the human mind have rocked the intellectual world for more than .fty
years, beginning with the critical reception of his early work on syntac-
tic structures and his appeal to what he called the Cartesian approach
to language. His crusade against the Vietnam War and his on-going cri-
tique of American foreign policy, his analyses of the Middle East and
Central America, his long-standing local and international activism, and
his assessment (sometimes with Edward Herman) of how media func-
tions in contemporary society have made him a darling of political dis-
senters around the world who take from Chomsky both useful analysis
and, moreover, a whole approach that is valuable in the struggle against
oppression. He is at once a beacon to the downtrodden, and, as much
of the world witnessed on September 20, 2006, from a televised speech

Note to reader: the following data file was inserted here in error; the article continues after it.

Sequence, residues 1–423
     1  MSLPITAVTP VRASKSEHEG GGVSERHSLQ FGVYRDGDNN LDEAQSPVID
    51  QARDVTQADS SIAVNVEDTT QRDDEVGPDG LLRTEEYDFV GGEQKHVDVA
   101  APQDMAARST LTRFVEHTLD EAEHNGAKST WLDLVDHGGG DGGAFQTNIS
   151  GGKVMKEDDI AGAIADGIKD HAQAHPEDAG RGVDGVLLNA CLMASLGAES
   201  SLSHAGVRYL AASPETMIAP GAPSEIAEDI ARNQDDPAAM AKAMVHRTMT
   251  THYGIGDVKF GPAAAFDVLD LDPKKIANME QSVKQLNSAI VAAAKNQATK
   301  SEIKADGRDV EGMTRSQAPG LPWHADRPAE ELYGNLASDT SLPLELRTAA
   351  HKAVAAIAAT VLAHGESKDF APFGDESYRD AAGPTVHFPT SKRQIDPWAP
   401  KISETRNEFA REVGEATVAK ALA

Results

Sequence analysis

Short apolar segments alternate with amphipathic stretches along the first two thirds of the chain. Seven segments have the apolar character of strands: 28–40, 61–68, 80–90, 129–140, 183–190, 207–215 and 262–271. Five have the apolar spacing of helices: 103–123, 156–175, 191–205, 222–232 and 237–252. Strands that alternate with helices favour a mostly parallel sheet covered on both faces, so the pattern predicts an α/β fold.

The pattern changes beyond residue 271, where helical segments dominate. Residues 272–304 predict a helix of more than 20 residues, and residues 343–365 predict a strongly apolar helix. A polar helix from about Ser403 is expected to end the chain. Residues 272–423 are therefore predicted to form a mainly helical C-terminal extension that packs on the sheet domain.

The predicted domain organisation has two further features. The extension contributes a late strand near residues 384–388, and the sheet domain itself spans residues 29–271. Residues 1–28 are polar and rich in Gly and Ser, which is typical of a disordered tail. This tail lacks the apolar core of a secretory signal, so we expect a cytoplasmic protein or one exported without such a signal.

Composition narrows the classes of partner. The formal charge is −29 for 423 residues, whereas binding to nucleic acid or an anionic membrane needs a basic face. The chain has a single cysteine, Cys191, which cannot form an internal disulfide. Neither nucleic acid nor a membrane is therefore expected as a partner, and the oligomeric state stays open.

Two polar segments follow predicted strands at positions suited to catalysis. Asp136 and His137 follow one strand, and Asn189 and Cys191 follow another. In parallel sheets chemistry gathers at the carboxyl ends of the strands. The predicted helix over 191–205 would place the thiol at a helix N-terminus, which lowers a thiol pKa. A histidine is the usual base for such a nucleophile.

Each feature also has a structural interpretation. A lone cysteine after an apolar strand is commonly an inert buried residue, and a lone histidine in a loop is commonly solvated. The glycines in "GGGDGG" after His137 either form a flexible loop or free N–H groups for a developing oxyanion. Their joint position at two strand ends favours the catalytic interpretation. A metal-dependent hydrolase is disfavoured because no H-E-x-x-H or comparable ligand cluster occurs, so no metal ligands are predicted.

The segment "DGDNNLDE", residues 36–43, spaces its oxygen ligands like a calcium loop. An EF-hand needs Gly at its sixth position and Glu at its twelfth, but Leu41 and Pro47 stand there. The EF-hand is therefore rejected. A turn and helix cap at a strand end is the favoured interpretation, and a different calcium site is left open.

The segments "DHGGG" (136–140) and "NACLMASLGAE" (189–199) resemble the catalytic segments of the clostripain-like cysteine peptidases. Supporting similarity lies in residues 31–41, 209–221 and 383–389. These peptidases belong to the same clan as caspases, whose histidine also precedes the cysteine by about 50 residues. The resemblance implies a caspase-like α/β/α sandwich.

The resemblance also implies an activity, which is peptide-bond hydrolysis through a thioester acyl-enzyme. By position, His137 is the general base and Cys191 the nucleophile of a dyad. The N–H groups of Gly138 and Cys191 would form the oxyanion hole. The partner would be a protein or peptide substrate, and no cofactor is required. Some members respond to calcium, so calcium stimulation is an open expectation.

delivered at the United Nations General Assembly, he is also an inspira-
tion to the likes of President Hugo Chavez of Venezuela, who recom-
mended to representatives of the governments of the world that they read
Chomsky.s recent book Hegemony or Survival.
Chomsky.s vicious and
persistent attacks against .Stalinist. politicians, .commissar. academ-
ics, greedy members of the managerial classes, poser liberals, .scienti.c.
Marxists, self-aggrandizing social scientists, authoritarian pedagogues,
lackey media types, and fanatical sports fans has also created a viciousset of adversaries who commit remarkable amounts of effort to discredit,
admonish, critique, or ignore Chomsky.s approach. In the face of it all,
Chomsky stands forth, now eighty years old and yet as energetic, fear-
less, and courageous as ever, perhaps even more so as the years bring
him new kinds of experience, optimism and disgust; he is indeed, as U2.s
Bono has called him, the .rebel without a pause.. As a consequence,
most everyone has strong feelings (positive and negative) about Noam
Chomsky, and the effect that he has upon people extending across
national, social, and institutional lines is a fascinating phenomenon, and